Ahmed Ali – Broken Glass Reflection – 3.5/5
It’s all very well for many of us to criticise, but something that is perhaps forgotten is the effort that goes into producing such an album. By one of our very own “Lifer’s,” comes an instrumental album that sits somewhere between Stoner/Doom and Thrash, with slow and crunchy riffs pleasantly interspersed with a thrash guitar attack he goes a long way to overcoming one of main difficulties in producing a solo piece, successfully creating a number of tracks that feel distinct from another.
The drumming is all done using a drum machine, and whilst programmed relatively well to provide more of a ‘completed’ feel, it fails at producing much more than a solid backbeat. It inevitably feels mechanical and lifeless and whilst perhaps this was foreseeable there were times where it felt attention was drawn to it, where instead far more focus should have been devoted to the guitars. With a pounding rhythm, often simplistic they are nonetheless effective and addictive, with enough variation within a track to prevent them from becoming overused, flowing seamlessly between passages. With an unusual stoner crunch they tread a fine line between a deep and dirty tone and retaining a clarity enabling each note to come across. And with no shortage of solos, often providing a delightful southern twang, my only criticism is the occasional over-use of speed, resulting in fast-paced but altogether muddy and repetitive sounding result, the slower and mid-paced sections displaying a variety of tones and emotions far more effectively.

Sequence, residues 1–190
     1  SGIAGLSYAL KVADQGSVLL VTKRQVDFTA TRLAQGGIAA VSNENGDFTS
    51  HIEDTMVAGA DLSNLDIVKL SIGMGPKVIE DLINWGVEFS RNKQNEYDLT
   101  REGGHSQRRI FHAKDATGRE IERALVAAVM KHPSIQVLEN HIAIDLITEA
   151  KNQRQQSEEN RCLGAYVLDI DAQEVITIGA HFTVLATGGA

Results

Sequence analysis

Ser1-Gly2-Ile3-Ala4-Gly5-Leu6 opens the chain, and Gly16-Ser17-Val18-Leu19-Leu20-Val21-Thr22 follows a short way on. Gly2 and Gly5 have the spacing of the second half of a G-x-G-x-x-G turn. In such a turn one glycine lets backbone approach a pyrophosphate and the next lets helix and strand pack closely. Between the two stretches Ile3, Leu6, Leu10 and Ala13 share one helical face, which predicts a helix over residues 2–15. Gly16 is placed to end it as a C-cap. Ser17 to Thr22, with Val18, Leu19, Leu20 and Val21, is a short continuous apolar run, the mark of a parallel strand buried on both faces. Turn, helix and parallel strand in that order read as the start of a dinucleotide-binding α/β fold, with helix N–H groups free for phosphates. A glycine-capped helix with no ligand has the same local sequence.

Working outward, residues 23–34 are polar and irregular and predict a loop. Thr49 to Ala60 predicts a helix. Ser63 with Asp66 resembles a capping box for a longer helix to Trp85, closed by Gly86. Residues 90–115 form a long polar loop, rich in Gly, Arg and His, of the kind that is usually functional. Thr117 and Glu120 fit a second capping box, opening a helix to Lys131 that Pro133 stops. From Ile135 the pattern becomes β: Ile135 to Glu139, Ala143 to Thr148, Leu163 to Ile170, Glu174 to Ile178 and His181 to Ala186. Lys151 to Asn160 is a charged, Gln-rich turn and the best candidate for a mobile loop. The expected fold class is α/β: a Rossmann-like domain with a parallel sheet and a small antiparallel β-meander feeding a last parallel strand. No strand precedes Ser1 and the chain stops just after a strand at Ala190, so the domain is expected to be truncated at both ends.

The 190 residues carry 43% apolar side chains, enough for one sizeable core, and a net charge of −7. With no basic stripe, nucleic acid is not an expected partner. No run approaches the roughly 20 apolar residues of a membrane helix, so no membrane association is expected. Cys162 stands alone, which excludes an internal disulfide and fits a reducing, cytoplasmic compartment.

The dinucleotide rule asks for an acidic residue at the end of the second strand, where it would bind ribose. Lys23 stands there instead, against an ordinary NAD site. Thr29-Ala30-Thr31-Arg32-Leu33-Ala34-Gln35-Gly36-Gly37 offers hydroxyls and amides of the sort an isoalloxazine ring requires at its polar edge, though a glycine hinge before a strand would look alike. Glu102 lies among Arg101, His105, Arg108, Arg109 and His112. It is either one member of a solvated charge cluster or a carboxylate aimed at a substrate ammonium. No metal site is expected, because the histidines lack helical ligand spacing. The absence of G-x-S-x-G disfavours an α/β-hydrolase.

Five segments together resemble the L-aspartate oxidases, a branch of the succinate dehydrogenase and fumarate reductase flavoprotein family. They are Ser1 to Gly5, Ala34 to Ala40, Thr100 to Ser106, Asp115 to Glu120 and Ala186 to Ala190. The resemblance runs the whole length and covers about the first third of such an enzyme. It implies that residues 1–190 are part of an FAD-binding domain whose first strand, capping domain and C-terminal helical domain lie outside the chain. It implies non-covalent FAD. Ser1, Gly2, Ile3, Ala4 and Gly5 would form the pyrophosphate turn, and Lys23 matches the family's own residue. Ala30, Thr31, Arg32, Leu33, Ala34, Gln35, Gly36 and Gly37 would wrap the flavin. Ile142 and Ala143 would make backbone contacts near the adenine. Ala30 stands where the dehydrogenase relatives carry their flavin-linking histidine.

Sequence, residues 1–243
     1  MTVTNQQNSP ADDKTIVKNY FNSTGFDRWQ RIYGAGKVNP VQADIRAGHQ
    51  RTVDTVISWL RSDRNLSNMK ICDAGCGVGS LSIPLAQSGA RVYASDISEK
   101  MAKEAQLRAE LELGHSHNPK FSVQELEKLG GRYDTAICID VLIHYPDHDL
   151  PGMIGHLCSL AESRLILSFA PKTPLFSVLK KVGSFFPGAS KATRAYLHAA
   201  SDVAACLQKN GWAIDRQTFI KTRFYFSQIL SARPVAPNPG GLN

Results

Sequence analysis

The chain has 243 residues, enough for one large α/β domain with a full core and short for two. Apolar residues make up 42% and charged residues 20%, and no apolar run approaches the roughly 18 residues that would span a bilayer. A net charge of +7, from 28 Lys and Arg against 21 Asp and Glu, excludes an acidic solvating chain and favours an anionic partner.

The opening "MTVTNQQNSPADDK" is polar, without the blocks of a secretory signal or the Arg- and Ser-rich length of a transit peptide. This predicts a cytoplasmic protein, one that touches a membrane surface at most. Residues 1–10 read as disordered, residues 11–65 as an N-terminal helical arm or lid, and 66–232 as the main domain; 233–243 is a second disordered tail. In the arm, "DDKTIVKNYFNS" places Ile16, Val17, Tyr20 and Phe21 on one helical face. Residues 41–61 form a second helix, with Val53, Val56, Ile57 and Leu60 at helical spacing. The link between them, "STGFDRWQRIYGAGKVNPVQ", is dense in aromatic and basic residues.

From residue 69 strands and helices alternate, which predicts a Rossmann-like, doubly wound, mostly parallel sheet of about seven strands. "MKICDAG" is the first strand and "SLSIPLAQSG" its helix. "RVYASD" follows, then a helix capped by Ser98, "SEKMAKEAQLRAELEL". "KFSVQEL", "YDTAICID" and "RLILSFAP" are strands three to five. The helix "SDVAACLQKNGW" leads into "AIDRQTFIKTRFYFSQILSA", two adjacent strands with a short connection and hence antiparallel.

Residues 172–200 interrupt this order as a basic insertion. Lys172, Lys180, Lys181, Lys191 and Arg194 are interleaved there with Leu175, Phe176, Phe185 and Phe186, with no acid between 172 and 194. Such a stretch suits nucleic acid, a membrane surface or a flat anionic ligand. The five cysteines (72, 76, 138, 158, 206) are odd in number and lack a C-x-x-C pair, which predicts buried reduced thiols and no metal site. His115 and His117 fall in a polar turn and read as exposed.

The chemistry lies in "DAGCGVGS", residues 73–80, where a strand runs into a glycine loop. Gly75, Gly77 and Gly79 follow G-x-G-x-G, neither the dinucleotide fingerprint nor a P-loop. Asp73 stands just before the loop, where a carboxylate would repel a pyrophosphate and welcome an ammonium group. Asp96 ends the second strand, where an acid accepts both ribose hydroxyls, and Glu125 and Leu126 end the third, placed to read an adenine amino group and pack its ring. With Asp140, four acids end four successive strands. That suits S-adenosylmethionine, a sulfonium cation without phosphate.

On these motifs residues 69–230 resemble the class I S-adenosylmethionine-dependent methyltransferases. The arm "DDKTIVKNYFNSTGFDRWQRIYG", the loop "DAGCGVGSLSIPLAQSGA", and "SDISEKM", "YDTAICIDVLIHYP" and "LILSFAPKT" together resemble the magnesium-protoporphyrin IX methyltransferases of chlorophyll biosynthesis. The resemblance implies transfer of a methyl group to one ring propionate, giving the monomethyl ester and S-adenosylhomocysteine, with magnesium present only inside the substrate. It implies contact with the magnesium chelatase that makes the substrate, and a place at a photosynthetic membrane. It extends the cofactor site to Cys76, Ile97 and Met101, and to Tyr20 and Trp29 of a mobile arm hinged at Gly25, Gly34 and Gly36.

Despite this, something feels sorely missing; there is one effective component here yet the end result still feels somewhat thin. The bass often feels woefully underused (e.g. the almost impossible to hear bass solo in the title track) and could go a long way in ‘filling the gap,’ if worked with the guitars in their own manner to provide a rich, thicker backdrop for the guitars to work in. Another element that seemed rarely used was dual guitar work, one providing short little fills in between slower passages, lending further variety to the proceedings.
There is certainly promise here (most notably in the riffs that were produced) but is in need of some other alternate interest to provide the rich backdrop for the guitars to work. The other small gripes – the well integrated but excessively long sound clip in ‘T-800,’ serves as an example of this – seem relatively minor by comparison, and what perhaps makes this all the more depressing is the occasional demonstrations of just how fleshed out a simple song can sound with just a few effects and additional guitar lines – the closing track and majority of ‘T-800’ shine in this regard. There is potential here, but sadly this isn’t quite there yet.
Highlights: Broken Glass Reflection, T-800, Tremors